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Power To Save: ‘A Preventative Project’ to Save Ash Trees from Invasive Pest

KEYSTONE COLLEGE -- A college in our area is cutting down some trees to save their forest from a destructive insect.

Heath and Julie Crum of Crum Tree Service are busy these days cutting down ash trees at Keystone College. The ash forest surrounding the college has become infested with the emerald ash borer.

"Once it gets to an area, it takes about three years to completely destroy the population of the ash trees," Julie Crum explained.

The emerald ash borer is a beetle that showed up in the Clarks Summit area about three years ago and has done a lot of damage.

"The number one sign you'll start seeing is the leaves getting sparse. You can walk up to the bark of the tree and see the D-shaped holes."

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Damaged ash trees in the middle of the woods aren't much of a concern but they are a problem on part of Keystone's campus.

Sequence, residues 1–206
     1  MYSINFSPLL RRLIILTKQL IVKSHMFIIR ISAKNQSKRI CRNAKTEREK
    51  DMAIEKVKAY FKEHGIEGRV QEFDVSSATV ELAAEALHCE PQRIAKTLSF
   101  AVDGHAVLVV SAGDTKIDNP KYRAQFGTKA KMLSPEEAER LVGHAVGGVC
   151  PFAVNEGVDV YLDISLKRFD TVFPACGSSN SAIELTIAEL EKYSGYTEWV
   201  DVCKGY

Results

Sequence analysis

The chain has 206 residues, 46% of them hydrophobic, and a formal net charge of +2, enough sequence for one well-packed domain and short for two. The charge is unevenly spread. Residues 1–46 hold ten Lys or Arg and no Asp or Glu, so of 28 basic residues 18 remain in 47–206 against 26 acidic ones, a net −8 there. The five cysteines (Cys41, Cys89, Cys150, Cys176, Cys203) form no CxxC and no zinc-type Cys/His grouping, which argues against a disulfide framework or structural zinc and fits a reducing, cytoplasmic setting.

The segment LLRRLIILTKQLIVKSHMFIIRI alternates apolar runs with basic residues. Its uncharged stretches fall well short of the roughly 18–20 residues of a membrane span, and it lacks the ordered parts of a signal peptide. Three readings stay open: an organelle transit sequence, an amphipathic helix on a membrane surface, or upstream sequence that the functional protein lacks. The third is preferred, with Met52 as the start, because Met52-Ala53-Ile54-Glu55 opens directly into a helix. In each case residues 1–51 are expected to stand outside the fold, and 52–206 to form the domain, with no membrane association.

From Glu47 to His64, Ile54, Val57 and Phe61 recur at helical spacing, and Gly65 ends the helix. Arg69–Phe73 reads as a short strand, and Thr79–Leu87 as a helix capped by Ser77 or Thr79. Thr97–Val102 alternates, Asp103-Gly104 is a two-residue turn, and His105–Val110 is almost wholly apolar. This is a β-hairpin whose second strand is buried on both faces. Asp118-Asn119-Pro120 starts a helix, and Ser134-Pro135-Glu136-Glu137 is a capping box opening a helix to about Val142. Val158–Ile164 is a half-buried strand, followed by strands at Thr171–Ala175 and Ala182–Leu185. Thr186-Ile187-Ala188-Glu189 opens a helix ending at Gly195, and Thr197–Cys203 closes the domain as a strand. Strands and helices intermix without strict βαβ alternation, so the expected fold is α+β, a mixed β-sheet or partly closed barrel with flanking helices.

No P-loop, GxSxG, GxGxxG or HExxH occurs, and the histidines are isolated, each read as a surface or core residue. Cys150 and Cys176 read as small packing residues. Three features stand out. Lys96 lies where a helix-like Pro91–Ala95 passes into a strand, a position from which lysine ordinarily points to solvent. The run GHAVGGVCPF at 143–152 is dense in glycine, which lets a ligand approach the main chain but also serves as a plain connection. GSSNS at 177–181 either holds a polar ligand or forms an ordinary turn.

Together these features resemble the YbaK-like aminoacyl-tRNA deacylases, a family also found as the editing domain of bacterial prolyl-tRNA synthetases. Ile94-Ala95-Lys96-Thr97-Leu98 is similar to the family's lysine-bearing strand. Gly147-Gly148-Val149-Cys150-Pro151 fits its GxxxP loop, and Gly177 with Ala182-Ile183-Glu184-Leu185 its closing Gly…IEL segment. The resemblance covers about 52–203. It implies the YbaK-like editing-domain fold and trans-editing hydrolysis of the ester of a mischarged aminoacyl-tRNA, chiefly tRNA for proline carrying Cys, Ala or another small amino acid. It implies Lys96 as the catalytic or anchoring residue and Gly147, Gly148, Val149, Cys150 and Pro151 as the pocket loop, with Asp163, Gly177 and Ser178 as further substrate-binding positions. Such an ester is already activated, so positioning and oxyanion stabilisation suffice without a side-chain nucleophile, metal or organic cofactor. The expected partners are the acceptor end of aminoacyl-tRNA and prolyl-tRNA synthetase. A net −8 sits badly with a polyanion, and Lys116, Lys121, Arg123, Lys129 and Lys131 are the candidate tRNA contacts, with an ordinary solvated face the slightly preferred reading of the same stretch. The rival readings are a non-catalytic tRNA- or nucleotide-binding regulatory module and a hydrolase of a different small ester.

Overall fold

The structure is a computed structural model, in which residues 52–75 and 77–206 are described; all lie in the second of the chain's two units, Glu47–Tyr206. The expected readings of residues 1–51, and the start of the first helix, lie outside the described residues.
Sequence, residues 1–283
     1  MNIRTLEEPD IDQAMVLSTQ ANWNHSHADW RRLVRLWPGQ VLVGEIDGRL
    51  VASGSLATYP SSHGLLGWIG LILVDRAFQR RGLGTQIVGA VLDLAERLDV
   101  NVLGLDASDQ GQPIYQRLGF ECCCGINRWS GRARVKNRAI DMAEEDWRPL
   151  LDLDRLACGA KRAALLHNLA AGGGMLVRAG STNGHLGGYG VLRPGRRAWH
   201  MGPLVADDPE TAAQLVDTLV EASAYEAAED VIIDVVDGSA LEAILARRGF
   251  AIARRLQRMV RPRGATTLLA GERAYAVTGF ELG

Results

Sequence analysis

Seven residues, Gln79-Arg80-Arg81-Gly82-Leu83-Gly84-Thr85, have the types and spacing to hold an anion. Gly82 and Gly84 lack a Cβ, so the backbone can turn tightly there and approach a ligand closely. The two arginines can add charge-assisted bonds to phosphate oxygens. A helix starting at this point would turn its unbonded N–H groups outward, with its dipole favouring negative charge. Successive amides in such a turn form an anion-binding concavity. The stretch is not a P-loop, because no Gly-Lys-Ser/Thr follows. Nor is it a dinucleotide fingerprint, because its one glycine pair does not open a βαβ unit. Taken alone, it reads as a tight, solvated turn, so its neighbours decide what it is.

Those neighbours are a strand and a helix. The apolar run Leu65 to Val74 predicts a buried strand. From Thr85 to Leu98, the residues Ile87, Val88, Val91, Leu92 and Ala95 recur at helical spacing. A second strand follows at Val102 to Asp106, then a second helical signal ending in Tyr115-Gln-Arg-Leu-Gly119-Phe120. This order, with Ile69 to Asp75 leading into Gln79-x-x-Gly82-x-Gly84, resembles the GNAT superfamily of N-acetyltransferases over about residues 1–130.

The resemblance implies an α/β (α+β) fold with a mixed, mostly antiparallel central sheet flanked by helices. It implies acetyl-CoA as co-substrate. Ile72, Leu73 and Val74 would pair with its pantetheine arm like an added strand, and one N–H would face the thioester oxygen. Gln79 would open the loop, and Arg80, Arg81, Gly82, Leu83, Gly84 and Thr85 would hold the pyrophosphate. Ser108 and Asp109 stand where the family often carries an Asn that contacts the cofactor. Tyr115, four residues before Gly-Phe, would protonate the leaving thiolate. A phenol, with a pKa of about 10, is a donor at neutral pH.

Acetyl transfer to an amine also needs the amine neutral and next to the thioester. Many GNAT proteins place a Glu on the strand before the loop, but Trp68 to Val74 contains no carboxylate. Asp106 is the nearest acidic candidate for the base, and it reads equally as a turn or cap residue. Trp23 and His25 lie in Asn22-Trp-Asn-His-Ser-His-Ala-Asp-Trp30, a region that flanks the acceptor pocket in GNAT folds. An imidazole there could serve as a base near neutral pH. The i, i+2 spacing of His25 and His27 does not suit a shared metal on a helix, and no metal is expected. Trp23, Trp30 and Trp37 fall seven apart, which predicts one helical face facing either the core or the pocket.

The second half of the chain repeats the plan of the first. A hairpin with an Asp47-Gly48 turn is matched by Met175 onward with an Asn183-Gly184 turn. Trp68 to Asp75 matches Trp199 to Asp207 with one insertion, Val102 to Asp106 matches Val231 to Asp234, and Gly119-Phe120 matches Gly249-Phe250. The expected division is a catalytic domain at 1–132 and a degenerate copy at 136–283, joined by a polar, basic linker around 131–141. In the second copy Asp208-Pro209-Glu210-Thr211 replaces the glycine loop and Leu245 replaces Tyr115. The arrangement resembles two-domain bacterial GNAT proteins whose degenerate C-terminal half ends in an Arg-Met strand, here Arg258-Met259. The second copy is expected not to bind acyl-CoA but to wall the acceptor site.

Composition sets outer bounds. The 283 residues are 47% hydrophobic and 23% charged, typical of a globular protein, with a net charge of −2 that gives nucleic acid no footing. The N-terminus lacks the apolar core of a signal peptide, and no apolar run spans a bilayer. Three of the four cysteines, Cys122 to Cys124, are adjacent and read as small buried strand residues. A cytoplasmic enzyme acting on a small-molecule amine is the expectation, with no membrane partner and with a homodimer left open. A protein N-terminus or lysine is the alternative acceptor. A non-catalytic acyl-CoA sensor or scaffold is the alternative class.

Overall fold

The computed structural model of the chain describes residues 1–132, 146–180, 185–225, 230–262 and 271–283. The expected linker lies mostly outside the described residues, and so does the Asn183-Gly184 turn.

"They have a large number of ash trees that are dead that the ash borer has killed and a lot of them are very dangerous over their hiking trails here," Heath Crum said.

Keystone College officials knew something needed to be done.

"We contacted an arborist who advised us to take preventative measures as soon as possible," said Fran Calpin, senior director of college relation at Keystone College.

The Crum Tree Service crew has been on the job for a couple of weeks but there's more work to be done.

"We're going to be here another two or three weeks getting all the ones that are hanging over the trail. Right now, I'm concentrating on ones around the trail while we have frost on the ground, so I don't make a huge mess," Heath Crum explained.

"This really is a preventative project. It's doing something now, so we can all enjoy the forest and the hiking trails for years to come," Calpin added.

Get more information on the emerald ash borer from the state DCNR website.

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